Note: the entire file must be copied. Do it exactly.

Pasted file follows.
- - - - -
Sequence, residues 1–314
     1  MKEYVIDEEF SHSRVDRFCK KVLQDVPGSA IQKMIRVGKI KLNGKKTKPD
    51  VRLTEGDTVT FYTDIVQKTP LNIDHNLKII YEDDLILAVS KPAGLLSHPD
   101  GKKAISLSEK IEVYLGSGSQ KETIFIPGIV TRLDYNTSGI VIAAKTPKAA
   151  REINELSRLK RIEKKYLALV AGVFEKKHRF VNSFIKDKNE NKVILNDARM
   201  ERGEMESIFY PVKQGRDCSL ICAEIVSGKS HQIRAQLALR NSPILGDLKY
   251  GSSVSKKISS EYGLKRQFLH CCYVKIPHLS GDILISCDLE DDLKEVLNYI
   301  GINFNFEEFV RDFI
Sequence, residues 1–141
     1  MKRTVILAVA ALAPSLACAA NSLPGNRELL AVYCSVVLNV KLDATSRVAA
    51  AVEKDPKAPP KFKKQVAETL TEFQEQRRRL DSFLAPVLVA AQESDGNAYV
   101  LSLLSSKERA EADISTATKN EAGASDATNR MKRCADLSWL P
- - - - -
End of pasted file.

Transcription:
Sequence, residues 1–314
     1  MKEYVIDEEF SHSRVDRFCK KVLQDVPGSA IQKMIRVGKI KLNGKKTKPD
    51  VRLTEGDTVT FYTDIVQKTP LNIDHNLKII YEDDLILAVS KPAGLLSHPD
   101  GKKAISLSEK IEVYLGSGSQ KETIFIPGIV TRLDYNTSGI VIAAKTPKAA
   151  REINELSRLK RIEKKYLALV AGVFEKKHRF VNSFIKDKNE NKVILNDARM
   201  ERGEMESIFY PVKQGRDCSL ICAEIVSGKS HQIRAQLALR NSPILGDLKY
   251  GSSVSKKISS EYGLKRQFLH CCYVKIPHLS GDILISCDLE DDLKEVLNYI
   301  GINFNFEEFV RDFI
Sequence, residues 1–141
     1  MKRTVILAVA ALAPSLACAA NSLPGNRELL AVYCSVVLNV KLDATSRVAA
    51  AVEKDPKAPP KFKKQVAETL TEFQEQRRRL DSFLAPVLVA AQESDGNAYV
   101  LSLLSSKERA EADISTATKN EAGASDATNR MKRCADLSWL P